Orthocracy of Kaddish
The city of Kaddish is the oldest continuous settlement in the Dawnlands. It was founded by the Dawnmen, and formed the capital of the Kingdom of High Kaddish. The kings were overthrown a few hundred years ago by the “Orthocracy” a group of priests, merchants, wizards, crime lords, charismatic demagogues and discontent nobles who mustered the peasantry and townsfolk and expelled the royal family and their supporters.
Since the revolution, the city has had no unified government. An orthocrat today is simply any powerful person, whether by reason of wealth, charisma, force of arms or magical might. There are several thousand of them of varying importance. Each orthocrat is attached to one or more factions in the city, often as the leader of it, and they support their factional followers as they see fit.
There are several competing codes of laws that operate in different districts, and the Kaddish are used to handling criminal matters themselves, with the assistance of whatever association or faction they belong to. Most serious criminals who are caught are sacrificed to one god or another, and the violence of everyday life in Kaddish means that the hungry gods always have their due.
Kaddish is located on an alluvial plain between two rivers that carry snowfall and spring runoff out of the mountains to the sea over a distance of approximately 175 km from the foot of the mountains to the coast. The rivers are approximately 75km apart and mark the northern and southern boundary of Kaddish power.
The land between the two larger rivers (the Birth and Death) is filled with lakes, tributaries, and springs. It is one of the most water-rich regions of the entire Dawnlands, but can be prone to flooding. It has some of the best soil for farming and ranching, and hosts the largest temperate boreal forest in the Dawnlands. The land is mostly flat, and grades slightly down to the sea.. Most towns are built around forts or encampments near water sources and are economic colonies of the city of Kaddish.
The city of Kaddish itself is equidistant between the two rivers and connects to them both through a series of canals and multiple waterways that stretch out of the city towards the rivers. Though originally a plain, the canals, reservoirs, brickpits, rice paddies and ruins collect water, so that it is very nearly an island in the middle of a man-made lake.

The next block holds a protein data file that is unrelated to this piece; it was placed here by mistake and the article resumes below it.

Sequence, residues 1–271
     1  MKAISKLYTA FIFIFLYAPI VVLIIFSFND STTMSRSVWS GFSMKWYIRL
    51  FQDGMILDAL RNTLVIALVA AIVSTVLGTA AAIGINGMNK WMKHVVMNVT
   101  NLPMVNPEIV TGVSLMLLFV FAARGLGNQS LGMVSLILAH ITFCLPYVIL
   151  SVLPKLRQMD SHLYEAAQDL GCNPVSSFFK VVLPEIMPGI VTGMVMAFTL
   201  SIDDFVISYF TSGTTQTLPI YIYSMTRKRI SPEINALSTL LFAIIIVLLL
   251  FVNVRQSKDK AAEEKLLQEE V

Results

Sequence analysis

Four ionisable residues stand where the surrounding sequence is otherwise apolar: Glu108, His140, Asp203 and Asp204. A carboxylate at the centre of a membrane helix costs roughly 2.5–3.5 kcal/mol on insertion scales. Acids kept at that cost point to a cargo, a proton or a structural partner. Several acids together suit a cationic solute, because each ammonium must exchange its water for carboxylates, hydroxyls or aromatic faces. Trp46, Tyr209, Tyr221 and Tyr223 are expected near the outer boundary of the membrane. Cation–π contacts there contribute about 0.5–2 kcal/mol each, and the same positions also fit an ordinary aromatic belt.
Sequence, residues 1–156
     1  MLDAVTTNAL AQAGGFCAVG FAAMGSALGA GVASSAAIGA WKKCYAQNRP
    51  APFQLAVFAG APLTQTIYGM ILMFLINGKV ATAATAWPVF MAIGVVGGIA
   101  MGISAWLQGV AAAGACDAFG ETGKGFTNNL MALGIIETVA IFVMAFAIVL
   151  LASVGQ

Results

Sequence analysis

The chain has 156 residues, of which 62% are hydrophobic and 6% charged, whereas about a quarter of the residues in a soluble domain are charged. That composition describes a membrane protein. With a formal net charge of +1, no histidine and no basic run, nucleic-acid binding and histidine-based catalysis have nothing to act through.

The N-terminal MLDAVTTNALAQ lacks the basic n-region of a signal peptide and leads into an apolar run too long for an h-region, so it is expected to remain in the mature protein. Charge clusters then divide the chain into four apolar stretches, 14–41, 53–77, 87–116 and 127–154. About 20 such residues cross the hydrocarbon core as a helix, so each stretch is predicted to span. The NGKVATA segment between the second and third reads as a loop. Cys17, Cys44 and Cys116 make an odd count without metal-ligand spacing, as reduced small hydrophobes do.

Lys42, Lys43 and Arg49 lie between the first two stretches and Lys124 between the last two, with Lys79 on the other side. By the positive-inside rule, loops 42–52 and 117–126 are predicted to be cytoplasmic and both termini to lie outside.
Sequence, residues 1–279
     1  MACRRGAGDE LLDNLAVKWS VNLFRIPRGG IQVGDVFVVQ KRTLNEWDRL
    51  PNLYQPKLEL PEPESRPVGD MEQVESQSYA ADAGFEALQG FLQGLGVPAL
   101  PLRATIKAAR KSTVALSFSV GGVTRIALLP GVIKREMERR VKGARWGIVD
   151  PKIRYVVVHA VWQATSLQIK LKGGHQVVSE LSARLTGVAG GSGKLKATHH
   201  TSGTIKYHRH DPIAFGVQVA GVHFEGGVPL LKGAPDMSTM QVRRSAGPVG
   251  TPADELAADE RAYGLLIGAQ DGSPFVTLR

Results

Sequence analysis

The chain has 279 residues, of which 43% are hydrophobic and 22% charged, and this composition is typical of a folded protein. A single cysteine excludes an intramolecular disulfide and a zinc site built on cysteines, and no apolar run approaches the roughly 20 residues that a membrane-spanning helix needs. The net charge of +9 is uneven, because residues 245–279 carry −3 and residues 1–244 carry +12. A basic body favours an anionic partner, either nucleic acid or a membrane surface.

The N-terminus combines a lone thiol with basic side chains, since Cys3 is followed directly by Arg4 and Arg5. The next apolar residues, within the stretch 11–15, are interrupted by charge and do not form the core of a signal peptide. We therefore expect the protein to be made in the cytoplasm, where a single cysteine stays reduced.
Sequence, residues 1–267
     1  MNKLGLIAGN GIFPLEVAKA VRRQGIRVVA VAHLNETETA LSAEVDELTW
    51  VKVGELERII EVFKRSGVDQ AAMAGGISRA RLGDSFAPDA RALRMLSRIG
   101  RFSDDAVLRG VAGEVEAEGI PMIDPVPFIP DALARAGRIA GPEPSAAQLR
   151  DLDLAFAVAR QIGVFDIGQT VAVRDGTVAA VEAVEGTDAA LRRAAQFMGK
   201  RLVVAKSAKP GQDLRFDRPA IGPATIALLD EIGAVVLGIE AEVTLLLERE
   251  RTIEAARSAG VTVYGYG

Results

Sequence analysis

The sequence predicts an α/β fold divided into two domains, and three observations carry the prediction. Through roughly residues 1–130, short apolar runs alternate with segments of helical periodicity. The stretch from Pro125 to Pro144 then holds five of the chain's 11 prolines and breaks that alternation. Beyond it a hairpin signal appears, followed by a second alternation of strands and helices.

Factionalism is a fact of life in Kaddish. Everyone is connected to one group or another that supports and protects them in exchange for service. The most common kinds of faction are clans, collegia and cults. Most Kaddish belong to all three, in addition to whatever other allegiances they may have. A faction can make various demands on its members depending on its function.
Clans – Kaddish live in large extended family groups. Kaddish society is polygamous and collectively matrilineal, with all the children of a single mother-group seen as relatives. Like most polygamous societies, a few men have many women and many men have none. Prostitution is rampant, and the excess population is siphoned off into economic colonies and military service. Clan members tend to help pay one another’s debts off and ransom one from slavery.
Collegia – A collegium is an organisational unit from the revolution that continues to the present. Theoretically, it was responsible for providing a certain number of men to the Kaddish military. In practice, they are organised gangs of veterans who combine the functions of organised crime and government in one. The members of a collegium are typically interested in extorting as much money as possible from other collegia while protecting their own members from extortion and crime. Collegia are usually run by an orthocrat, and there are usually no more than one or two per district. They typically both organise and put down riots as it suits them. The heads of collegia are orthocrats.
Cult – Religion is ubiquitous in Kaddish life. The ancient gods of the Dawnmen, the Celestial Cattle and the Stone Pack, are rarely worshipped in modern Kaddish. Kaddish religion is cultic, centred around the fulfillment of a cult rather than conscientious adherence to a dogma or creed. The Kaddish have hundreds of gods, some with more than one cult and temple. Many strange features in the city derive from the various forms of worship the gods demand. Human sacrifice of criminals is common, and demon worship is permitted. Most Kaddish switch faiths opportunistically to advance their status. Cults help their members with difficult problems that other institutions can’t, since they can often muster magical resources for their followers. The high priests of more popular temples are orthocrats.
Other factions – The Kaddish may also hold allegiance to a particular gang, to a powerful wizard, a charismatic leader or to their employer, amongst others.
The city of Kaddish is organised into roughly 25-35 districts or wards. The boundary of a given district is fluid, but the canals serve as rough borders. The number and nature of districts change relatively rapidly – new buildings rise up, old canals silt over, a gang leader might seize three old districts and build bridges between them, uniting them into a single area. Typically, districts are organised around a landmark. In the absence of canals to organise boundaries, the ability to see a particular landmark or building indicates which district one is in, as well as giving it its name.